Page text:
A decade of freemium business models and cloud computing have reduced the cost of starting a new business to all-time lows. It seems like a lifetime ago that new startups had to spend exorbitant fees with hardware manufacturers, service providers, and design firms to get their businesses off the ground. Now for a few hundred dollars you can achieve a professional presence for your business that would easily rival your dotcom boom ancestors.
Here are a few of my favorite services and tools for the bootstrapped startup.
#10 - 99designs
If you’re looking for a quality logo, business card, brochure, or web page, look no further than 99designs. For $100 you can select from a library of logos; for $300 you can run a competition and choose the best work from competing designers. In both cases, the author of the design will make customizations based on your direction. 99designs practices sausage making for graphic artists, with un-purchased works being reused in multiple ways.
#9 - Wordpress
After all these years, I remain a dedicated Wordpress fan. So when it came time for a corporate website, I deployed a t1.micro in Amazon, installed Wordpress, and configured a theme from Elegant Themes to achieve attractive web presence at a great price ($7 per month with heavy reserved). The time from start to deployed site was less than couple hours.
#8 - LinkedIn
For all my complaints about the hundred of inMail invites from people I have never met, I still find great value in LinkedIn. Okay, I should be clear: not enough value to pay $600 per year. ;) But LinkedIn is a great tool for finding validation prospects, potential customers, and supporting resources for a new business. It's also a great way to meet new people in Boston high tech.
#7 - Google Voice
I have used Google Voice for several years to front-end my various phones. Whether I am at the North Bridge offices, a client site, or on the move, Google Voice will find me. I have also found myself increasingly using Google Voice, a headset, and a Mac, as my primary “phone”.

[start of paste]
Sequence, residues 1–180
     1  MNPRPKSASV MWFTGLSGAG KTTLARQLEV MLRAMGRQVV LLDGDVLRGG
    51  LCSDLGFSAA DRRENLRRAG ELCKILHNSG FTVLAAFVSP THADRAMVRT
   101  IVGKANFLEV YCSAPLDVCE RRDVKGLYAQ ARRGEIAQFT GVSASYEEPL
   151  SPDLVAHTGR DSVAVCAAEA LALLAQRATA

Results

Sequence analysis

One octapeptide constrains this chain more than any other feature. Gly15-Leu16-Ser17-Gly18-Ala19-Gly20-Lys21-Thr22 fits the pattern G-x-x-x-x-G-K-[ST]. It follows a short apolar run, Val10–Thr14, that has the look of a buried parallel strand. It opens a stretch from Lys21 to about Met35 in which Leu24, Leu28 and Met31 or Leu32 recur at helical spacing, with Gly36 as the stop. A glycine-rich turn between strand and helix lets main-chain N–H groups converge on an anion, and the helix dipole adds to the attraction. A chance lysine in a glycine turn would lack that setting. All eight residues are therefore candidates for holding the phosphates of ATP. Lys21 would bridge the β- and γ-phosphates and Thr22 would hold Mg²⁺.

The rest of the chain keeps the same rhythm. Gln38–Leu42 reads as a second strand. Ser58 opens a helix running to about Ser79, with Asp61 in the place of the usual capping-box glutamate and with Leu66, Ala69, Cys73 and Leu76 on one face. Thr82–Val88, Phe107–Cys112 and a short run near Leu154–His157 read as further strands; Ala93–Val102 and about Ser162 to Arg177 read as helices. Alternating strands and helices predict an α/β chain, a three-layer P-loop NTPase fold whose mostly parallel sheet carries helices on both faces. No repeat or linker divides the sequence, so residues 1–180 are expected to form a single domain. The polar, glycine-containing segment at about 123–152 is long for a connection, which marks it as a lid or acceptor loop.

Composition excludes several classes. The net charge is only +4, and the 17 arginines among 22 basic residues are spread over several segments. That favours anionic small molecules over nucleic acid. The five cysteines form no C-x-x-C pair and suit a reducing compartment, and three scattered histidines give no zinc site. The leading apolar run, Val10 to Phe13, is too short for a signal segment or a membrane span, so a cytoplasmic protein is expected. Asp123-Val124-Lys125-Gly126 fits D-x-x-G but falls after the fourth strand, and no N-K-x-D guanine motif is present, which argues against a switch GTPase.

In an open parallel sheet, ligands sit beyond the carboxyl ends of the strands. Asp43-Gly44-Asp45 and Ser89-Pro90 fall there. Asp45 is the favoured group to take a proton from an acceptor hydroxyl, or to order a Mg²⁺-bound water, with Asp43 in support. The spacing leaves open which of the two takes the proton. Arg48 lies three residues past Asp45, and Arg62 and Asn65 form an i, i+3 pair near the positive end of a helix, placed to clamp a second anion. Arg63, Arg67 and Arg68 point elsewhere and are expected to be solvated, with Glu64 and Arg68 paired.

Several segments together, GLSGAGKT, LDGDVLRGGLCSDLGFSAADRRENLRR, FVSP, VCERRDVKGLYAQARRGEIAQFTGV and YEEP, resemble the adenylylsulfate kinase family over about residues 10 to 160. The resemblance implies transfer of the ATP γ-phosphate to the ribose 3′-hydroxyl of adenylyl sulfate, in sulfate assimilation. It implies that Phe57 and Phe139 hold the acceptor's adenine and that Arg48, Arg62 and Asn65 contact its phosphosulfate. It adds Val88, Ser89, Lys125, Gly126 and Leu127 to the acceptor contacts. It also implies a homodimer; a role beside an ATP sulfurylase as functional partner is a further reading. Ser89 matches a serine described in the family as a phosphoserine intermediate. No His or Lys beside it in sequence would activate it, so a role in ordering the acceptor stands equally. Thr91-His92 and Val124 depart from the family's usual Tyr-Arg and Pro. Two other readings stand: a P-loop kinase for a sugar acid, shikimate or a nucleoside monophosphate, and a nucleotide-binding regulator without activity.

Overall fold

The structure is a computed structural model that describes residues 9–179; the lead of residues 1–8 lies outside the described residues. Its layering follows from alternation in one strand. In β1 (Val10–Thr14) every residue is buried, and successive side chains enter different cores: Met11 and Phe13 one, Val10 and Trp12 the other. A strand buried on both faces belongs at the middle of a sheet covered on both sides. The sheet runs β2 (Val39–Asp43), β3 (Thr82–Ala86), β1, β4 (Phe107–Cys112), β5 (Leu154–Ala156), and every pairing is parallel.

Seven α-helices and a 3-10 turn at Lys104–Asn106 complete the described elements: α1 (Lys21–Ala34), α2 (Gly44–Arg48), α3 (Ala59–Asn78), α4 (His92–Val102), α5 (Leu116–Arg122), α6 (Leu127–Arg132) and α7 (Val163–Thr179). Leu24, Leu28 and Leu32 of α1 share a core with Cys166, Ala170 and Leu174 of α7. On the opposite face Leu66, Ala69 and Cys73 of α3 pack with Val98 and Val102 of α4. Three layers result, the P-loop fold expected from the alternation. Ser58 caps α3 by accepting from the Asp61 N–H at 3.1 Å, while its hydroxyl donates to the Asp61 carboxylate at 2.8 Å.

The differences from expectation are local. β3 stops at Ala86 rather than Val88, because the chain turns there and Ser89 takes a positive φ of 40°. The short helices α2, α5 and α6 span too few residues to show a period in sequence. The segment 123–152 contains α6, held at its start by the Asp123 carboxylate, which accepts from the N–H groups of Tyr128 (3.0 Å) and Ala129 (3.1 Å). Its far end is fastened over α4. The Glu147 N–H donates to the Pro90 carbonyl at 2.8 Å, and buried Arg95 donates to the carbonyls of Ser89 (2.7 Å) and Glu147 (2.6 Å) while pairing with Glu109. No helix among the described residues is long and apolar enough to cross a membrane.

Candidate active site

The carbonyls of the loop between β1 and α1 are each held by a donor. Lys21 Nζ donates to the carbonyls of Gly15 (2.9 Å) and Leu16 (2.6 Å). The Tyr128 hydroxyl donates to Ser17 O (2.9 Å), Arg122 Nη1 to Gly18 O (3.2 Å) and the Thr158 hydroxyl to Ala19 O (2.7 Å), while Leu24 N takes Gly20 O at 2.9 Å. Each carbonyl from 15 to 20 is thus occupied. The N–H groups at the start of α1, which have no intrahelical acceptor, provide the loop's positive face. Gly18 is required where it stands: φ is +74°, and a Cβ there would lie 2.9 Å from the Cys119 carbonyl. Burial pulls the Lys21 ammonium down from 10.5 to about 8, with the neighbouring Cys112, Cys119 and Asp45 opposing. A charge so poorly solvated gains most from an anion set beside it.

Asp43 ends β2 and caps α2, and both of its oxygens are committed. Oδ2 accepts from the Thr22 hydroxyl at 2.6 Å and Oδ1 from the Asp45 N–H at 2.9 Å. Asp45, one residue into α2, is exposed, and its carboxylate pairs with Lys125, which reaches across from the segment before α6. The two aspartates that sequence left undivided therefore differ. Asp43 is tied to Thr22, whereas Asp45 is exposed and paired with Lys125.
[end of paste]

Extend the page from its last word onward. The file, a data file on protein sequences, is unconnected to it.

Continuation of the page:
#6 - eLance
Have a job that could be executed by someone else based on your written directon? Post your project on eLance and leverage the favorite phrase of one of my former Dell executives: labor arbitrage. While not great for some types of projects - particularly those involving important IP or substantial independent thinking - it works well for prescriptive jobs.
#5 - Join.me
For years it has seemed as though web meeting services have consciously made it hard to setup and use their technology. Join.me delivers the Apple user experience in an industry used to Microsoft Bob. It’s so easy I use it to provide tech support to my 81 year old father.
#4 - Trello
Agile boards remind me of pre-GitHub version control in two ways: 1) every company uses a different one, and 2) no one likes the one they are using. This all changed for me with Trello, a free service from Fog Creek Software. I run several boards in Trello, organizing work for myself and others. It's a great way to stay focused and organized for software and non-software projects.
#3 - Google Apps
I've complained in several posts about my love-hate relationship with Google Apps. But there is no better value proposition to the bootstrapped startup that to have your email, calendar and office documents hosted by Google for the low low price of... free.
#2 - GitHub
I never could have imagined paying a monthly fee for a personal version control service. Of course, then there was GitHub. Also, all the cool kids are on GitHub. Enough said.
#1 - AWS
You can’t have a top 10 list of tools for the bootstrapped startup without mentioning Amazon Web Services. Yes, it’s still not very approachable for the non-geek - but it offers great value for the money. Hint: don’t pay the list price - take the time to price out on-demand or even spot instances. Don't forget to check out the reserved instance marketplace.